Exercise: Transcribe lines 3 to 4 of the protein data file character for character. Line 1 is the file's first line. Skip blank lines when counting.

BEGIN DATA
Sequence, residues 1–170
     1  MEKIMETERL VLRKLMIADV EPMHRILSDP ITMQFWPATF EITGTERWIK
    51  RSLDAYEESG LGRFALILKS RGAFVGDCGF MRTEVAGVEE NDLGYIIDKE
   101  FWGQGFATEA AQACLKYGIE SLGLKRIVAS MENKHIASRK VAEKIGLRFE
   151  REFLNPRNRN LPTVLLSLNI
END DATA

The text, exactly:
    51  RSLDAYEESG LGRFALILKS RGAFVGDCGF MRTEVAGVEE NDLGYIIDKE
   101  FWGQGFATEA AQACLKYGIE SLGLKRIVAS MENKHIASRK VAEKIGLRFE